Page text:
I want to ask a more general question that relates to a renowned mathematician’s recent proposed proof of a famous hypothesis, which seems to be widely considered not even close to being correct – that it’s not just not correct, it’s “not even wrong”.

Since now, all the top mathematicians have declined to comment on his proof, seemingly out of respect for the mathematician.

So my general question is: for a well-established mathematician, shouldn’t they be given feedback, even if their work isn’t correct? Why not give a rejection, so that they are informed?

I would think that a long-time mathematician who has won the top awards in their lifetime can actually handle the criticism – they wouldn’t have become a master at their craft without overcoming a great deal of failures and negativity in their career. In that sense, it is actually more respectful to tell a researcher when they are wrong.

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    This post appears to relate to a very specific individual with a unique set of circumstances. As such, I've deleted the comments identifying the individual and am taking the (rather heavy-handed) approach of closing this question. I welcome discussion on Academia Meta if the group thinks this is inappropriate.
    – eykanal
    Sep 26, 2018 at 18:31
  • People should, please, distinguish between criticizing the person and critiquing the mathematics. They aren't at all the same thing.
    – Buffy
    Sep 26, 2018 at 19:02
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    My impression is that there have been previous efforts to give this kind of feedback on previous attempts on other problems, perhaps even this one. Bear in mind that not everything which occurs is documented online and announced on blogs, etc
    – Yemon Choi
    Sep 27, 2018 at 8:59
  • Why not give a rejection, so that they are informed? Under such circumstances one could expect that the work would indeed be rejected if it were submitted to a journal. As Yemon says, not everything relevant which occurs will be announced on blogs. Oct 1, 2018 at 12:11

2 Answers 2


The person we're talking about has his place in mathematics cemented whatever he says or does in the latter days of his career. The mathematicians who have been asked to comment on the latest claim know this and do not feel the need to tarnish his reputation by commenting publicly on it. Those who know him well may choose to tell him in private what they think, which he may or may not accept.

At its core, this is a very private story about aging and all of its associated effects. It is magnified by the fact that the person in question is a giant in his field and the public nature that comes along with everything he says. But I'm sure all of us with aging parents/friends/loved ones can relate to the fact that there are no easy ways to deal with this; dealing with it in public does not seem the right approach to me.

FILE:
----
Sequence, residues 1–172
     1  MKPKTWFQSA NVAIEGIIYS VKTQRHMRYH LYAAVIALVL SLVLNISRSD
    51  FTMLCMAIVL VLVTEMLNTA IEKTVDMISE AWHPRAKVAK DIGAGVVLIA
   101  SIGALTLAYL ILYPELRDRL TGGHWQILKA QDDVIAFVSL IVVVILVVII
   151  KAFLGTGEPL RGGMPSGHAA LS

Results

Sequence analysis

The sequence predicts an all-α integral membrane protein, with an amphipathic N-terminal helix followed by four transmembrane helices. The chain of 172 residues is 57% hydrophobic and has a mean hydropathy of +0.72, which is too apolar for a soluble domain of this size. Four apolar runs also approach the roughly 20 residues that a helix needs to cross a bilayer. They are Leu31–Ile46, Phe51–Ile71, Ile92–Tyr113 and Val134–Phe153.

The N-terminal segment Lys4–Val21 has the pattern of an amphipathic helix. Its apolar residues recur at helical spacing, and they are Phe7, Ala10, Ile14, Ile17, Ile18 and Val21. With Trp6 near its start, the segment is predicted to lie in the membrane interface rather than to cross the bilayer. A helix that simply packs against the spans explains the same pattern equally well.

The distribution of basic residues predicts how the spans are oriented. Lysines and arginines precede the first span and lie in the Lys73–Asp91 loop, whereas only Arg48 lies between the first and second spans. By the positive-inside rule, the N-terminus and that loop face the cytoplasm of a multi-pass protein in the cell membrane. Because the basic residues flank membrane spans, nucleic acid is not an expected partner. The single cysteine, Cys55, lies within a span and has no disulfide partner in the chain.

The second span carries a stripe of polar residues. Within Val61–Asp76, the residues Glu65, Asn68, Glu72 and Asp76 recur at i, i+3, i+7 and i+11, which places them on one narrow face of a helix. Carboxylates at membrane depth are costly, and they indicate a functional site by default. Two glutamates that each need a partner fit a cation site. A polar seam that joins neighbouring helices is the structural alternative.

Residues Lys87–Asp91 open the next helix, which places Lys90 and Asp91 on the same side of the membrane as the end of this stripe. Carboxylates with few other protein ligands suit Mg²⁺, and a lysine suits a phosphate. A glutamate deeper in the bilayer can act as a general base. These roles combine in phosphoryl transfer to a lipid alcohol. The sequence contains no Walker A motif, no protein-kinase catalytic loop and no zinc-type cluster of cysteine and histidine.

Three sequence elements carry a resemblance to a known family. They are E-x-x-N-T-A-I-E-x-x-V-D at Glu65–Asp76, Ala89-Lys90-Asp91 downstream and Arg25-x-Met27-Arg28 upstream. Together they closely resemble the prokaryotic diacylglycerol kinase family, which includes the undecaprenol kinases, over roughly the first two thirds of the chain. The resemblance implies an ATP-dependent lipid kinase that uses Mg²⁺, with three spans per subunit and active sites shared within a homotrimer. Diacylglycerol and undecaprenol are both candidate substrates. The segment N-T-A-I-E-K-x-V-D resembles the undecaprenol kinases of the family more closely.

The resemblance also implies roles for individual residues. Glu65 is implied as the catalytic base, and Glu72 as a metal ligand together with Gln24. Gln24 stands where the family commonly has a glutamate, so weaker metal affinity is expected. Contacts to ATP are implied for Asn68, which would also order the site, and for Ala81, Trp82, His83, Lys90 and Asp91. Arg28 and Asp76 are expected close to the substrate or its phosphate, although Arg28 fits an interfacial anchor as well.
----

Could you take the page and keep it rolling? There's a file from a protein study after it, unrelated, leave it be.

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    I strongly agree with this answer, and want to add that the only people who I personally think less of is the committee that somehow decided it would be appropriate to invite him to present the “proof” at such a public venue. Sep 26, 2018 at 12:52
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    @StellaBiderman -- indeed. Sep 26, 2018 at 15:32

Don't. That would be a one-word answer (somewhat ironic). But to generalize the question, be very careful of giving negative feedback to anyone, ever (whether a mathematician or otherwise). Most people just don't like it. If it is imperative, try to show factual things that are actually wrong, and why (I once showed a Computer Science professor that the steps in his program were needed to run backwards, which when he understood, he appreciated). If you do give the negative feedback, be sure to maintain politeness and courtesy at all times.

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    Indeed. There are two main good reasons to give negative feedback: to help someone improve, and to prevent bad work getting accepted by the mathematical community. The former is appropriate when one’s in a mentorial or close collaborative role, when refereeing/editing submissions, and generally not otherwise. The latter is appropriate when bad work is otherwise liable to get accepted with its errors overlooked. Neither of these applies in the present example (except for close friends/colleagues of the mathematician in question, but they already know the full situation better).
    – PLL
    Sep 26, 2018 at 17:32